Remarketing—the practice of targeting a consumer with a recently viewed product to drive conversion—is a mixed bag for brands and consumers. The tactic absolutely works to convert browsers into buyers, but consumers are getting savvier about how they respond and are taking steps to avoid receiving unwanted messaging.

Brands need to be smart about their remarketing campaigns or risk alienating shoppers

Roughly 40 percent of shoppers dislike the practice, but new research from The Intent Lab, a research partnership between Performicsand Northwestern University, offers a good roadmap for maximizing effectiveness and driving conversion.

Approximately 34 percent of survey respondents like remarketing to some degree, while 37 percent dislike it (31 percent were neutral). Preferences vary by product category with 37 percent and 35 percent of respondents saying they enjoyed remarketing in the apparel and electronics categories, respectively. But only 6 percent were accepting of the practice from financial institutions, where privacy and security concerns come into play.

Among respondents that approved of remarketing:

  • 38 percent said it allows them to find a better price from a different seller
  • 25 percent consider it personalized advertising
  • 19 percent like that it allows for postponing a purchase without losing research
  • 18 percent consider it a reminder to buy something

“One of the most interesting pieces of information from the study was just how many consumers actually like remarketing,” said Esteban Ribero, senior vice president of Planning and Insights at Performics, in a news release. “They are using it as a research tool and to find competitive pricing. Many even recognize the practice as a welcome form of personalization, one that can save both time and money.”

Remarketing is one of the more popular personalization tools in a brand’s toolkit

It’s also among the more controversial as brands and retailers are wary of alienating consumers with too many messages, many of which may miss the mark and in fact backfire. This is a valid concern—if done incorrectly, remarketing can have a negative impact on brand perception and consumers online experience.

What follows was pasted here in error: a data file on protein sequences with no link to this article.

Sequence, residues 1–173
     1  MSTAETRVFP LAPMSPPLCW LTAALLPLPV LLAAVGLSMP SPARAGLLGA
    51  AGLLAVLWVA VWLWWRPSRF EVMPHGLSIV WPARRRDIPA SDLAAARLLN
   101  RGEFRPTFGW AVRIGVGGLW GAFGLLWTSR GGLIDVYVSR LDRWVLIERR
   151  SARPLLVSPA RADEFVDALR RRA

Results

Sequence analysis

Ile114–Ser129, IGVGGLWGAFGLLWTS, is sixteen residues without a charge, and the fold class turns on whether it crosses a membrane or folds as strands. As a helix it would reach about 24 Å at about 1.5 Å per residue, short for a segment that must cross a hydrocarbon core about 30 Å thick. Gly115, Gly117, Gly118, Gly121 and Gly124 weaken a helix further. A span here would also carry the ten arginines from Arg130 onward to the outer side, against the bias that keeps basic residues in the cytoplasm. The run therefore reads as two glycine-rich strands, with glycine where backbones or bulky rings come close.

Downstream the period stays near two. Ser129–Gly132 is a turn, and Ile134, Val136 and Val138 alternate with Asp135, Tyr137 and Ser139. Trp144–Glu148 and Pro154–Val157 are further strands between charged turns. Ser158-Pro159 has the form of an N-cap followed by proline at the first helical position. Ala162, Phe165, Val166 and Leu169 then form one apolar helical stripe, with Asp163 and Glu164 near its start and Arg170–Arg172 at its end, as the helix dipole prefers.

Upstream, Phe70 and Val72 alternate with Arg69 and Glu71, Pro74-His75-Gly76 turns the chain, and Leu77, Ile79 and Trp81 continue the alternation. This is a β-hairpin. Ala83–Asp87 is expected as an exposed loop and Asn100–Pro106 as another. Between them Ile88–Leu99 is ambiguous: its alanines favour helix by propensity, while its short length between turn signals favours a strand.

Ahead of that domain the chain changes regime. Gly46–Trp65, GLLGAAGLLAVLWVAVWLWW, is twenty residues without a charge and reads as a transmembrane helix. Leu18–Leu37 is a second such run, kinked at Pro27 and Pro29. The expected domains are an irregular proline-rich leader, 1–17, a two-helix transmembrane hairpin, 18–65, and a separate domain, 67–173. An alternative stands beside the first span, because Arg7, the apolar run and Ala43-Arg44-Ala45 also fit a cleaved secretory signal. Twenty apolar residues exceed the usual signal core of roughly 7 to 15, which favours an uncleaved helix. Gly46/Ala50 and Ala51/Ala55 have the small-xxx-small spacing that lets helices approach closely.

“Our Intent Lab results show that brands need to practice ‘smart remarketing’ or they risk alienating customers. Companies need to be careful with how they use remarketing, particularly in terms of frequency,” said Ashlee Humphreys, Medill associate professor and principal researcher for the Intent Lab, in the release. “If they are timid, advertisers can miss opportunities. But if they’re too aggressive, they risk turning customers against the brand.”

Consumers especially don’t want to be bothered by repeated remarketing

Anything more than once a day for a week is too much:

  • More than 50 percent prefer remarketing just once a week
  • 39 percent only accept one day of remarketing
  • 24 percent are okay with 2-3 days of remarketing
  • 21 percent find up to one week of remarketing acceptable

Overall, remarketing does not have a strong impact on brand image—53 percent of respondents said that remarketing doesn’t affect their opinion of the brand. Just 14 percent of all respondents strongly disliked remarketing.

However, there is still a big portion of the population—40 percent, to be precise—that finds remarketing to be annoying or distracting. Brands need to practice smart remarketing by delivering fresh information to keep the experience from being repetitive as well as work harder to make sure it is also accurate: 34 percent are bothered by seeing products they had decided not to buy, and 22 percent would like to see new things.

“Consumers are receptive to remarketing if it adds value to their brand experience,” said Ribero. “But if not, the ads are not just being ignored, marketers run the risk of alienating consumers, prompting them to actively try to avoid being remarketed. Shoppers are savvier today and understand how this works, and many have developed coping mechanism to avoid being remarketed as if they were experiencing some kind of remarketing anxiety.”

Of those respondents that have taken action to avoid remarketing, 41 percent won’t click on an advertisement, 31 percent refuse to provide an email address, 20 percent stop visiting the website, 16 percent won’t like, pin or share an item on social media and 16 percent won’t click for more details.

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Richard Carufel

Richard Carufel

Richard Carufel is editor of Bulldog Reporter and the Daily ’Dog, one of the web’s leading sources of PR and marketing communications news and opinions. He has been reporting on the PR and communications industry for over 12 years, and has interviewed hundreds of journalists and PR industry leaders.

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